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10 things Obama must do in Congress tonight

September 9, 2009 |  1:33 am

Democrat president Barack Obama addresses a Joint Session of Congress 2009

The speeches didn't do it.

The town halls didn't do it.

The gazillion e-mails and support groups didn't do it.

The news conferences didn't do it.

So, tonight President Obama ups the ante and at 5 PDT (8 p.m. Eastern, 1 a.m. Thursday GMT) he speaks to a joint session of Congress in an attempt to regain the healthcare reform debate initiative and rescue his embattled, melting program.

He knew from mid-summer polling that there would be trouble if Congress left town for its August recess and got an earful of doubts from the folks back where the members used to live.

Healthcare reform's polling numbers are down. And so, for that matter, are Obama's, especially among the crucial independents who had no idea they were electing such a change maniac when they rejected the old guy and believed in the young, inexperienced fellow talking change to believe in.

And although Obama's own Democratic party controls both houses handily, that's exactly what Congress did, leave town without giving the president his coveted healthcare vote.

All thanks to the stubborn doubts over a government healthcare option among fellow Democrats, who are less liberal than the leadership. They're the Party Wing of No, the so-called blue dogs, who are....

...turning blue because House Speaker Nancy Pelosi and Sen. Harry Reid are choking them so hard.

Much speculation on what the president will or won't say tonight. Probably count on not a whole lot about Afghanistan and the administration's second impending troop surge there. Obama will get some kind of reform bill by year's end, the question being how meager.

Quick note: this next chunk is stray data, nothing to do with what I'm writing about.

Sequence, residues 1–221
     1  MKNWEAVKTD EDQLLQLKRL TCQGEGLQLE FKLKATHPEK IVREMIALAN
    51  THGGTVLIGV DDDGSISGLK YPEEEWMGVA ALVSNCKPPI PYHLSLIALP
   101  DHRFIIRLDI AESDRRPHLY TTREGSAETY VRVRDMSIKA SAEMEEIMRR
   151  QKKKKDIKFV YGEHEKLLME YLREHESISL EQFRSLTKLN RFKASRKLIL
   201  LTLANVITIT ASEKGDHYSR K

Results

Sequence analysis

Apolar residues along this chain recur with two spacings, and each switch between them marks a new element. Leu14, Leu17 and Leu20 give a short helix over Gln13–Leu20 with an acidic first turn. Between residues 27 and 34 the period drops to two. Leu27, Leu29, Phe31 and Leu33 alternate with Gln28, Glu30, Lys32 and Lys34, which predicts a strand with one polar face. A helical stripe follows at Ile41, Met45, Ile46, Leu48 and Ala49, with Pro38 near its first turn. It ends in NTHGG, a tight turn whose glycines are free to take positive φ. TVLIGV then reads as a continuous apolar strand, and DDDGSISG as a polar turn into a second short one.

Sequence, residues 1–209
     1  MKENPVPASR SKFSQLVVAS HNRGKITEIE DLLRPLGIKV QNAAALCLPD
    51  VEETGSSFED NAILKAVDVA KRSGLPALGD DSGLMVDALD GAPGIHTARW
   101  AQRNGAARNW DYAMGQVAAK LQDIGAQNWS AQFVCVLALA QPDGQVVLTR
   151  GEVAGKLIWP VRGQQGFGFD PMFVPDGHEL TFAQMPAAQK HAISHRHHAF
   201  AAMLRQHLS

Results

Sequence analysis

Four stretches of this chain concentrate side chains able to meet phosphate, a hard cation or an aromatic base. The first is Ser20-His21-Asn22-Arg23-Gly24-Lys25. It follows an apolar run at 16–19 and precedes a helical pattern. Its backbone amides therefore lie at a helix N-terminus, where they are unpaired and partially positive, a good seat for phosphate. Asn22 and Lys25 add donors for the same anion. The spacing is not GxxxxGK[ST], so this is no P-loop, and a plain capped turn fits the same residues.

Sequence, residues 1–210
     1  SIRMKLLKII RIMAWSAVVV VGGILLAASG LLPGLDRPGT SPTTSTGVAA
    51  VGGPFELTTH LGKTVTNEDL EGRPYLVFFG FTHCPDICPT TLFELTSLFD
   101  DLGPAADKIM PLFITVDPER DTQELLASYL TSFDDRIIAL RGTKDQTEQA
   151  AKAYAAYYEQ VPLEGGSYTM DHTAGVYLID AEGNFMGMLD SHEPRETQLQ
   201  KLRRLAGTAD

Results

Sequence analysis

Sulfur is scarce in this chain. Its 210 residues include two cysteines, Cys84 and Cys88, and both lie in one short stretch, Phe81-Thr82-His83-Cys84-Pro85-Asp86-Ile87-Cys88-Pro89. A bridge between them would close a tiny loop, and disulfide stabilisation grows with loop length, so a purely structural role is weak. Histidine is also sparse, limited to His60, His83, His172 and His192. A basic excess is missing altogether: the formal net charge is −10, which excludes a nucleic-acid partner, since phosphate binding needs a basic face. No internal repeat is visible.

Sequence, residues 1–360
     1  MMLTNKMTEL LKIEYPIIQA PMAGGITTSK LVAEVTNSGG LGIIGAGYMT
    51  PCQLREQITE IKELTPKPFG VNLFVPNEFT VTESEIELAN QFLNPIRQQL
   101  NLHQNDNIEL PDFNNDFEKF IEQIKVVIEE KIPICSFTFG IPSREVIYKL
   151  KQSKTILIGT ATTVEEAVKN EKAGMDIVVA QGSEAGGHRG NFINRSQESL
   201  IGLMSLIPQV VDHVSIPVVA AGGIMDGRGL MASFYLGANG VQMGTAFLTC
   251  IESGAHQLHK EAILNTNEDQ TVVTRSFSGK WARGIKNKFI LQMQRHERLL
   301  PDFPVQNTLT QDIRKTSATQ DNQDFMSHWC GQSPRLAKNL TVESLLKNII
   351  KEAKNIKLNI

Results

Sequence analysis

As a real good talker, the president's MO has been to leave the legislative details to the Hill, be perfectly clear about the need for a government option but hedge about its necessity and drive home instead why America can no longer go down this or that road because bad things are sure to happen if we don't change to his course, which he hasn't really spelled out but we should trust that, although unknown, it would be better than the other bad things he says are surely en route.

So here's your own Ticket tip sheet, 10 things the president must do in his address tonight:

IV Bag life support for healthcare reform

No. 10 -- Shake a lot of hands and smile with the crowd of congressional suck-ups crowding the aisle as the president enters the House chamber.

No. 9 -- Don't stumble on the way up the podium steps.

No. 8 -- Hand speech copies to Vice President Joe Biden and Pelosi as if they don't know what's in it and haven't already planned which lines to leap up at and enthusiastically applaud.

No. 7 -- Smile and nod at the thunderous applause and shouts from the Democratic side and patiently pretend you want the ovation to stop. (For Harvard's sake, don't do that royal looking-down-your-nose thing.)

No. 6 -- Acknowledge all the really important people present, perhaps especially the newest member of the Supreme Court. Let that applause roll on for Sonia Sotomayor in her second day in that nifty robe.

No. 5 -- Regret the absence of Sen. Edward M. Kennedy; perhaps nod toward a vacant seat. (UPDATE: Or, better yet, read excerpts from the dying senator's personal letter.)

No. 4 -- Acknowledge the key role of your partner VP Biden in getting the economy back on its feet. Let the laughter die down.

No. 3 -- Make yet another passionate case for healthcare reform, warn of serious dangers for failure and mention some Americans by name who are suffering without it. Maybe one or two of them happen to be in the balcony shyly awaiting recognition.

No. 2 -- Make a pitch with that JFK hand motion for bipartisanship. Americans like such talk. It won't happen, can't happen and in the end the people don't really care. But it'll give surrogates talking points come next year's congressional campaigns. (When leaving, maybe walk out of your way to shake a Republican leader's hand on-camera.)

No. 1 --  Don't forget the God bless America line.

Now, for the 23 people who will continue watching, here are the 10 things that the Republican responder, Rep. Charles Boustany of Louisiana, must do in his aftermath remarks:

No. 10  -- Absolutely agree with the president on the need for both healthcare reform and bipartisanship.

No. 9 -- Worry about costs and lost jobs and choices and too much government in the Democratic plan crafted without GOP input.

Nos. 8 -2 -- See No. 1.

No. 1 -- Do a lot better than Louisiana Gov. Bobby Jindal in his muffed response to Obama's last joint session address way back in January before Vice President Biden started turning the economy around with all those shovel-ready projects.

-- Andrew Malcolm

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Photo: Associated Press; Getty Images.